the best of the United States' orange
The skill has been provided b1 a
team of Panamanian agricultural spe-
...... ,.. .'
., ". ..'". , ... ". -*
PICKER-About 300 are employed during
cialists Thl business foresight ndl
dollars have coine front National Bulk
Carriers. Inc., a corporation owned 1\
United States interests which conceived
the orange juiee industry in the Chiriqui
area. The investment is no\\ approach-
ing several million dollars.
Fenl ears agio, RHvilsa c.uild be reach-
ed onl hi all oxcait trail \\inding in
and out of cane fields, rock-stre\n fields.
and sections of thick jungle. Today .
visitorss drive comtiortablv to the town
over a modern asphalt highway. Ro-
\ira itself is dwarfed by the installations
of Citricos de Chiriqui for producing
orange concentrate of highest quality
for export. And there is no other spot in
the Republic whose location is marked
b\ 665,000 orange trees.
IJnc 26. I968. \\as a memorable da\
for Citricos de Chiriqui. Several re-
liicerated containers filled with 50-gal-
(Src I). 6f
4- .- .i~`;k
~I~mb~ir 'L-4i *. -.
A. f-tt y- ^ ;.
-" .".. ; > lnT'..,, "" ,- < *'. i .
.. m -
NEW INDUSTRY-Orange trees are spread as far as the eye can see on the slopes of the Baru Volcano in the Rovira area of Chiriqui
Province, where Citricos de Chiriqui, S.A., is established.
'2.r "'~ ,. . .-., .. ,..,. .. ... .. ..
NE INDSTY-Oag re r peda a ste y a e ntesoe fteBr Vlaoi h oiaae fCiin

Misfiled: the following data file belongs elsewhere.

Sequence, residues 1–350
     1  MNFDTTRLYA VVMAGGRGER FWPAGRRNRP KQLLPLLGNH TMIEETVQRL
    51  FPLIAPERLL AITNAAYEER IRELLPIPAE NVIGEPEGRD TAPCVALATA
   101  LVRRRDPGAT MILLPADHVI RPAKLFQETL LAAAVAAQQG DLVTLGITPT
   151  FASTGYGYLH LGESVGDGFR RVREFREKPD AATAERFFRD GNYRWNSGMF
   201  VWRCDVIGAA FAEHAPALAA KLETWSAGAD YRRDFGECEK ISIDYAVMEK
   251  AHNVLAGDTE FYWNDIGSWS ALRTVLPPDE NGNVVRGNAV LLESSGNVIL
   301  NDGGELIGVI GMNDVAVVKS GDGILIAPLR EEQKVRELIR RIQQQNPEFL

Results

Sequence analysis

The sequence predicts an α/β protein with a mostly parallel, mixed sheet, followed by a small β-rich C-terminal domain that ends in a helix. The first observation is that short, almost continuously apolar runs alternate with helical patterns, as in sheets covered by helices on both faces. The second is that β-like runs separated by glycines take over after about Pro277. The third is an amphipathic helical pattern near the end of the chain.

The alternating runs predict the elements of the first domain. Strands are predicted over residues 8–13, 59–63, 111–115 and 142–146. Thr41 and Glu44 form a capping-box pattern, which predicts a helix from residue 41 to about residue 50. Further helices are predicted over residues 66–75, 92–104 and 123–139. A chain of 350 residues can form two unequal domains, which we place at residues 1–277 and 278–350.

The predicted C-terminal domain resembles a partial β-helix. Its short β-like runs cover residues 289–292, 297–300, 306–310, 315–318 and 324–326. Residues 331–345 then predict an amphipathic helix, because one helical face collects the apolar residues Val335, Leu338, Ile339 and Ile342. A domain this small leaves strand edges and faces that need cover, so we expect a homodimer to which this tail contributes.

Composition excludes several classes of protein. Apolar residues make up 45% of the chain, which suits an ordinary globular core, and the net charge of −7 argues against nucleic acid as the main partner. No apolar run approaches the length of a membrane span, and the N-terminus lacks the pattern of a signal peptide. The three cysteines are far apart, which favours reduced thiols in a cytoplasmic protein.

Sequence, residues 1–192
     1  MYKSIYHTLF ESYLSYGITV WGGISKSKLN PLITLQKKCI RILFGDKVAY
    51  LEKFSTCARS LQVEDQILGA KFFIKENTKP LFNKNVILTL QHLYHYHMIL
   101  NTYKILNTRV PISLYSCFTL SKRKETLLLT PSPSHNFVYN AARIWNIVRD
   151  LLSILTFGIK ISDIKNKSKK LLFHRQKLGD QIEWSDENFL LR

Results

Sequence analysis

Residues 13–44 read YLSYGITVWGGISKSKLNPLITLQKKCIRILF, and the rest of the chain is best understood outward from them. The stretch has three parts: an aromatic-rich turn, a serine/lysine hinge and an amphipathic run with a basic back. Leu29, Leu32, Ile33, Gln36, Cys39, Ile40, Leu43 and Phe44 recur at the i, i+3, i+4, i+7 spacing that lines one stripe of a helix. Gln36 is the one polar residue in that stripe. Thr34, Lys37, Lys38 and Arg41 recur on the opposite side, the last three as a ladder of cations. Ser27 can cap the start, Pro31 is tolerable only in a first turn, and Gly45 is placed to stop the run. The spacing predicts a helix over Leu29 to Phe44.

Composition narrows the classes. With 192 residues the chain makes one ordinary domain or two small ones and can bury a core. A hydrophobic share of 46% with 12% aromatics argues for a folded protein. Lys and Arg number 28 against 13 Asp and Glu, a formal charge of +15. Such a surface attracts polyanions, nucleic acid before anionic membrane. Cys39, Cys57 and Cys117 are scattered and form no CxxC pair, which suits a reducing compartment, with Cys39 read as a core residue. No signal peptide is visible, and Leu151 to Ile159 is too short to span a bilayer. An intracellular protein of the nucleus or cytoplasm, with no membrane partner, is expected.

Prne hr irio eC iiuS.. setbihd
THE PANAMA CANAL REVIEW
(Continued from p. 5)
Ion barrels cf \\ hat to Rovira was liquid
gold, were loaded aboard a ship berthed
in Cristobal-destination, Canada. The
barrels contained the first orange con-
centrate produced in Rovira and the
loading operation crowned 10 years of
The Citricos de Chiriqui complex is
on the slopes of the Baru Volcano at
an altitude of 3,000 feet. Dominating
the scenery is a huge processing plant.
installed at a cost of more than $1 mil-
lion. Clustered around it are adminis-
trative offices, large maintenance shops,
and a plant for producing "Citropulpa,"
(a byproduct in growing demand as
cattle feed), a company restaurant and
even a lime quarry. The complex itself
is the hul) of the orchard, spread as
far as the eve can see and beyond.
some sections as high as 4,000 feet
.above sea level.
Until March of this year, the man
who supervised the operations at Ro-
vira as Chiriqui manager for Citricos
was Juan B. Ferrer, a Panamanian
agronomist. He has just been promoted
to staff agricultural consultant with
residence in Panama City for the vari-
ous fanning projects operated by Natio-
nal Bulk Carriers, Inc. Ferrer's sue-
cessor is Sebastiin Gilberto Rios, Jr.,
formerly chief engineer in charge of
processing and construction.
Ferrer, still in his thirties, holds
i master's degree in phvtopatholog\
(plant diseases) from the University of
Florida. With Citricos since the com-
pany came into being in 1960, le was
responsible for all the field work that
was required prior to actual planting
His work ranged from soil analysis and
preparation to the selection of the type
of orange best suited for cultivation in
the region and a study of prevailing
"The native tree was chosen as the
hbldwood source," Ferrer savs, "because
tests showed it has a good vield and is
resistant to insects. \Ve decided to graft
it to rootstocks of Florida's known vari-
eties. The results have been amazing.
The first real crop from the initial plant-
ing in 1961 is due next September. The
trees are bearing and we estimate that
HEART OF PLANT-The evaporators shown here produce the orange concentrate. About
12,750 pounds of juice are reduced to 2,750 pounds of concentrate every hour. Fidel Serrano,
on ladder, is one of scores of Panamanians trained by Citricos de Chiriqui.